BUENAVENTURA, Colombia – Closing the gap between Buenaventura, Colombia’s impoverished port city on the Pacific, and prosperous Bogota, is one of the goals of the Educa Pazcifico project, which seeks to transform that region through education.
By means of that project, backed by the BBVA banking group, Lauren Micolta, Maria del Mar Viveros and Doris Xilena Caicedo made the leap from the local Juan Ladrilleros Educational Institute to the National University of Colombia, leader of public higher education in the country, where they were admitted.
“We’re so far ahead there in culture, education, infrastructure, in so many things,” Maria del Mar Viveros, 17, who lives with her mother, Rosario Salamanca, a vendor of beauty products, told EFE in describing the differences between the two cities.
Maria, accepted to the School of Business Administration and who said her father never looked after her, invited the young people of her city to “think big.”
“My education was at risk. If I didn’t get a scholarship it would be next to impossible to get a university education,” the student said, adding that passing the entrance exam was “like a light, like an opportunity had seemed very far away” in a city where whoever can’t pay for university would have to take a technical course.
Educa Pazcifico, promoted by the Visible Hands organization and also by Cali’s Icesi University, the Celsia Foundation and International Migrations (OIM), works mostly at Buenaventura in Valle del Cauca province, Tumaco in Narińo province and Quibdo, the capital of Choco, which suffer high rates of poverty, school dropouts and unemployment.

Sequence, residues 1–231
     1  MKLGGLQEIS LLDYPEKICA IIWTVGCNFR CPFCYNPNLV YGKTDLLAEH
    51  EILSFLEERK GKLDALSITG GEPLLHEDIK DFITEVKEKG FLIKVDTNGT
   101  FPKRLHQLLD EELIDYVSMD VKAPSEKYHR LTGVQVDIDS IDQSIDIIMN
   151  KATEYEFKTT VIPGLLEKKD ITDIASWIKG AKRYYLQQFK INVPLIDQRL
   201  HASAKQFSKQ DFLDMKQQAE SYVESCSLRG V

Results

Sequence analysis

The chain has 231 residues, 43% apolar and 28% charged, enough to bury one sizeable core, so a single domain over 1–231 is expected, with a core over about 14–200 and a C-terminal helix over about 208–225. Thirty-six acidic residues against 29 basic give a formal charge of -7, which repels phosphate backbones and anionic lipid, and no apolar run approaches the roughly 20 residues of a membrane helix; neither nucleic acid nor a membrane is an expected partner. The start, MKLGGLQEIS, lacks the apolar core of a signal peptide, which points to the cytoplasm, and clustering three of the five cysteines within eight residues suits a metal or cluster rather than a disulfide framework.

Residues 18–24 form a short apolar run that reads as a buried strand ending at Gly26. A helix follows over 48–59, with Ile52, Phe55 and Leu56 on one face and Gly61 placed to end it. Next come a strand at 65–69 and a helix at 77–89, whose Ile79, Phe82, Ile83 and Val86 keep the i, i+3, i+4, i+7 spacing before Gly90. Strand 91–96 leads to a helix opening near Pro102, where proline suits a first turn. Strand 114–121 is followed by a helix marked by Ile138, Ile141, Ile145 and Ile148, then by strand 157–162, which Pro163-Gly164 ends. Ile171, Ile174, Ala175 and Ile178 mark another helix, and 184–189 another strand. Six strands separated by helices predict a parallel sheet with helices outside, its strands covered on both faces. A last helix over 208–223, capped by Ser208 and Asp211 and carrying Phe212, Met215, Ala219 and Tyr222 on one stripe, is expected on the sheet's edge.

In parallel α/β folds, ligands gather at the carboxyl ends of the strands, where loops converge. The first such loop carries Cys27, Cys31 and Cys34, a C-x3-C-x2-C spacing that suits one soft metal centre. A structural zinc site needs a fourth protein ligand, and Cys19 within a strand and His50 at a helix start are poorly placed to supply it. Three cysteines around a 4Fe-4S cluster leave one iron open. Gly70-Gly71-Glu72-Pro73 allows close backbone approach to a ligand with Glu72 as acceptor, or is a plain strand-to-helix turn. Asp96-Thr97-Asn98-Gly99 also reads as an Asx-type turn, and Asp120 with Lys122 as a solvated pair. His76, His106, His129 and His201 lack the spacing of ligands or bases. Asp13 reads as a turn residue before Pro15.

Another who benefited from this program, which in its first phase helped 884 students and guided 300 in creating their life projects, is Doris Caicedo, accepted to Mechatronic Engineering and who told EFE that the project allowed her to boost her knowledge and be one of just seven students picked by her school to be among its quota for the National University of Colombia.
“My mom and dad are really proud,” said Doris, the youngest of four siblings and whose parents are public servants.
At the same time, Lauren Micolta, 16, chosen for the Law course, said she hopes that Educa Pazcifico can expand to more schools and take on a larger number of young people.
About this Pacific region, she believes it has “a lot of potential” and invited other youths to fight for their goals because “nowadays there are so many distractions.”
The Corporate Responsibility director of BBVA Colombia, Mauricio Flores, noted the importance of supporting this kind of project in a region like the Pacific where the inequality – in social development, basic services and education, among others – is really drastic compared with the rest of the country.